On Sunday, 16th August I made a pledge. A lifelong pledge to give 10% of my income to causes that do the most good.
This is something I should have done a long time ago, and for years I had found excuses not to do so. I was saving for a house. I was building financial security. It wasn’t my fault that injustice and hardship existed elsewhere in the world.
But it is. It’s totally my fault.
The food I eat is transported and grown with petroleum products which support corrupt regimes that keep people in poverty. The electricity that powers my laptop, the trains that I catch, and the public lighting I enjoy, comes from environmental destruction and greenhouse gas emission. The animal products I use are the result of cruelty and suffering.
My personal choices can lessen the negative impact I make on the world, but no amount of being car-free or using green energy will eliminate the damage I’m causing. But there is something I can do. I can take responsibility. I can try to make amends.
I live in one of the richest countries on Earth. I have financial, health, housing, and food security. I have valuable and transferrable skills. I’ve had opportunities that much of the world’s population—even those here in Australia—simply never had. At a relatively small cost to me I can make a large difference elsewhere, and I feel it is my moral obligation to do so.
The most effective charities in the world are very effective. 200 million people suffer from malaria each year, and of those, up to 800,000 will die. In the Democratic Republic of Congo (DRC), 500 people die per day, the vast majority of which are children under five.
But you know what stops malaria? Bed-nets. Treated with insecticide, these not only protect the people they’re distributed to, but they kill the mosquitoes that spread disease, protecting the entire community.
The cost of distributing a net in the DRC—one of the most difficult places in the world to work—is about $7.50 USD, inclusive of all expenses, which include follow-up studies to ensure correct deployment and use. For every thousand children protected with nets, 5.5 lives are saved¹.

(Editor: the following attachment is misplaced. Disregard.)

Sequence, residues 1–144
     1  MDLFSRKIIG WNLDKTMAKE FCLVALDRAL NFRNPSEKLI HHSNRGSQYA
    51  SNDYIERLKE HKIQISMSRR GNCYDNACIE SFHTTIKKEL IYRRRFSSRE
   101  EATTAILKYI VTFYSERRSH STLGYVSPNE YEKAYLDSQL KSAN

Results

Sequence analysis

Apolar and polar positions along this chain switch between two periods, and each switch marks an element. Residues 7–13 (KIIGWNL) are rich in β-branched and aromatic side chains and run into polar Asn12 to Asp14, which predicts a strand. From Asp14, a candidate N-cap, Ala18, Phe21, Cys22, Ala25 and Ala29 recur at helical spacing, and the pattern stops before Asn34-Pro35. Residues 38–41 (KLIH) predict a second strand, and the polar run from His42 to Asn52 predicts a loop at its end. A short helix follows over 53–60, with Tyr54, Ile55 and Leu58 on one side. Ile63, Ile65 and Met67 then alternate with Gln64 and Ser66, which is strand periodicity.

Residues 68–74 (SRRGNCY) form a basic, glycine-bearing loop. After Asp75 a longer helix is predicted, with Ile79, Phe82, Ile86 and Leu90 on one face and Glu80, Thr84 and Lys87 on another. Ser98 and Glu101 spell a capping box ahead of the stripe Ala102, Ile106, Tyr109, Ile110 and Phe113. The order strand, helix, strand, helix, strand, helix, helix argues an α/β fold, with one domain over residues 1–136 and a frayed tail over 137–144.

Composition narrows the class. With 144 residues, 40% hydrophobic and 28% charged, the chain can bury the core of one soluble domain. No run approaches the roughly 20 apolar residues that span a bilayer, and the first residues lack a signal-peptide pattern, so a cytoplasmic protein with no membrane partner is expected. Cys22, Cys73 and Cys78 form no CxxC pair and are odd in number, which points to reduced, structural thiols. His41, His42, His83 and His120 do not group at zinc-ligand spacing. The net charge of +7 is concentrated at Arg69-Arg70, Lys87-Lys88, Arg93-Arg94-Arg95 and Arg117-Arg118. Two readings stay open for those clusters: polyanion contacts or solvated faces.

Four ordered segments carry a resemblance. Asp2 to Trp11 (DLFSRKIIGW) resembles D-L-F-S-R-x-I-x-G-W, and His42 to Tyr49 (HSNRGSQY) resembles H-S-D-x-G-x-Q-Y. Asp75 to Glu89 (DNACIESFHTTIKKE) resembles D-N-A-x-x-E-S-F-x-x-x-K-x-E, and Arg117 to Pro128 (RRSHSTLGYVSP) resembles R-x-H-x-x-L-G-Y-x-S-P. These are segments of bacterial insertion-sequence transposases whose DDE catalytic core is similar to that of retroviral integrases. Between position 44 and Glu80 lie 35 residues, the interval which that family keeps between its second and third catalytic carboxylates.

The cost-per-life-saved is a little higher than one may get from naive calculations; not every net is used effectively, nets need to be replaced over time, and there are other factors at play. GiveWell estimates a cost of just under $3,500 USD per life saved. Through lifelong giving I have the opportunity to impact many lives, and to do genuine good in the world.
To make sure I remain committed to this pledge, Thomas Hendrey has pledged with me, and we’ll be checking each other’s progress each year. But I would also like you to join me in doing good. Even if you pledge just 1% of your income for a year, that’s a real diffence that can be made. I’ve chosen to do this in conjunction with Giving What We Can, as they provide tracking and support for pledgers, but I am also personally willing to provide social support in helping you keep that pledge. One of my biggest psychological barriers was finding other people to join me in doing good.
¹ Lengeler, Christian. “Insecticide-Treated Bed Nets and Curtains for Preventing Malaria.” In Cochrane Database of Systematic Reviews, edited by The Cochrane Collaboration. Chichester, UK: John Wiley & Sons, Ltd, 2004.
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